The Saudi-led coalition, in coordination with forces loyal to the United Arab Emirates, has been fighting Houthi militants in Yemen. In this 3-year war timeline, both sides have caused substantial damage to each other. However, in its recent attacks led against the two gulf nations, the militant group has raised serious questions over the gulf nation’s security system. However, what’s more distressing is the fact that a retaliation from the UAE-led ground forces in Yemen is expected, considering the continued supply of weapons it is receiving from the United Kingdom. And as a result of this response from UAE, not only would the Houthis be impacted, but it will have a severe effect on the Yemeni civilians who are continuously slipping into a pit of falling humanitarian conditions.
The forces loyal to the United Arab Emirates have been engaged in war with the Houthis with the arms deal extended by Western nations, especially the U.S. and U.K.. While a majority of arms contributors involved in supplying weapons to the gulf nation suspended their contracts, following the aggravating humanitarian conditions of Yemen and consistently rising death toll, UK didn’t, which has led to the nation attracting worldwide criticism.
Moreover, the recent developments by the Houthis have made it apparent that the UAE might be needing UK’s arms support for a bit more longer. The coalition, led by UAE’s Mohammed bin Zayed and Saudi’s Mohammed bin Salman, has reeled in everyone from the UK government to make a lucrative deal with, such as the multimillion deal with BAESystems. Right from the former to the current UK Prime Ministers, David Cameron, Tony Blair and Theresa May, all have shown equal involvement in the weapons trade, showing no remorse over the humanitarian crisis they have equally led in Yemen.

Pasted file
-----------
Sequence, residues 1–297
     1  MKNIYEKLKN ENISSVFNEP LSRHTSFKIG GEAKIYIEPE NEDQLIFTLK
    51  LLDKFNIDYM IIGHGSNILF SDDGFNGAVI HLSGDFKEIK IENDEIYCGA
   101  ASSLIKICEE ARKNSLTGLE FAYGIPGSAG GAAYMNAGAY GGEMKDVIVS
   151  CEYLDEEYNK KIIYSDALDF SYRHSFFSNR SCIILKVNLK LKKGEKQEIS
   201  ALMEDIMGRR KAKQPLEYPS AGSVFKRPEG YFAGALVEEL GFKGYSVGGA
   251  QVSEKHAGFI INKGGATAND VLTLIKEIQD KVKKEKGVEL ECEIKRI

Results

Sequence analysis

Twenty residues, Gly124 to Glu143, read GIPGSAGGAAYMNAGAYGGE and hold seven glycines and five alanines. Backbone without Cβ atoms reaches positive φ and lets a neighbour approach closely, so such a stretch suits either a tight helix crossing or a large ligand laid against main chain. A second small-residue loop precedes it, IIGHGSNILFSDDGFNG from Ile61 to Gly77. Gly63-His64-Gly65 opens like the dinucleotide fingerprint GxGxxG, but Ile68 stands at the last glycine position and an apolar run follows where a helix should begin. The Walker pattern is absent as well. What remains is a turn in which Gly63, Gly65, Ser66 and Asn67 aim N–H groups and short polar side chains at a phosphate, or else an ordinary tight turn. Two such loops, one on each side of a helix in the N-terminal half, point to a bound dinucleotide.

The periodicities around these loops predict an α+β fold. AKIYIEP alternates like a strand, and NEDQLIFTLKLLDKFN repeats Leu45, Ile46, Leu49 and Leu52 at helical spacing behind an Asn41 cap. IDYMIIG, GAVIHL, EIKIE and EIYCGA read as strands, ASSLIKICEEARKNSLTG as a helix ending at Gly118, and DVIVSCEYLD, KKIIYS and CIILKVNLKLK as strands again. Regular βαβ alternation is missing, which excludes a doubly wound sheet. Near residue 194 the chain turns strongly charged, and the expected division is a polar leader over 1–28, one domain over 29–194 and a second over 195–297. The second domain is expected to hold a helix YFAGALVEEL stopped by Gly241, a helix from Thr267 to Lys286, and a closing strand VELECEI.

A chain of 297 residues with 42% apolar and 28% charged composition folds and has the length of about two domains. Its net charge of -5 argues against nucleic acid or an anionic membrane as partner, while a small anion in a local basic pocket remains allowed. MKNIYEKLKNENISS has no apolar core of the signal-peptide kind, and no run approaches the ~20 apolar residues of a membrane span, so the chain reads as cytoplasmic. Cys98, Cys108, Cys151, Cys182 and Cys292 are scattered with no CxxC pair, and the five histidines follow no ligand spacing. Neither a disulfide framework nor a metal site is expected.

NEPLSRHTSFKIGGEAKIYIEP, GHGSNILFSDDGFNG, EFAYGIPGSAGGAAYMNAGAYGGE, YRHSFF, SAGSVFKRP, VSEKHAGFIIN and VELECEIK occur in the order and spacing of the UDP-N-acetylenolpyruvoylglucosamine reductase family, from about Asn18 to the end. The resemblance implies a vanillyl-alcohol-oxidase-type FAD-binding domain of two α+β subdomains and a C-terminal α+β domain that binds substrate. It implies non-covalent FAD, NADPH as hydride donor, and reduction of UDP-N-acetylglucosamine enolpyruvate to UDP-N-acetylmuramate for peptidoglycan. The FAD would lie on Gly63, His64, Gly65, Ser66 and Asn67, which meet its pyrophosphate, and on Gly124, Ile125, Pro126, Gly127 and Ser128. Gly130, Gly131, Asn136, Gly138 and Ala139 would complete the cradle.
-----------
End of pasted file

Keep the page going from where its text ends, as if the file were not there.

Earlier this week, the Houthi militants claimed to have led two of their most significant attacks on the Saudi-led coalition. One was confirmed by Saudi Arabian government where two of its oil tankers were hit by the Houthis, leading to the halt of further shipments from traveling. Meanwhile, the second attack, which still remains unverified, was carried out on the Abu Dhabi airport using a Sammad-3 drone, as per houthi-run media. Though, the airport’s official Twitter handle confirmed a suspicious incident taking place, but also that it didn’t cause any sort of disruption in services.
The United Arab Emirates’ Ministry of Foreign Affairs and International Cooperation condemned the Houthi militants for their attack on Saudi oil tankers because its aftermath included a slight drop in the gulf nation’s stock market. It also expressed fury over the attack by stating, “This cowardly attack mirrors the negative and dangerous role played by Iran in support of these coup militias and [support for] their hostile practices through providing Al Houthi terrorists with weapons, equipment and ballistic missiles that threaten peace and security in the region.”
The statement from the UAE was enough to determine its intense hostility towards the militant group, making it apparent that the Emiratis were planning on a bigger comeback against the menace of the militias.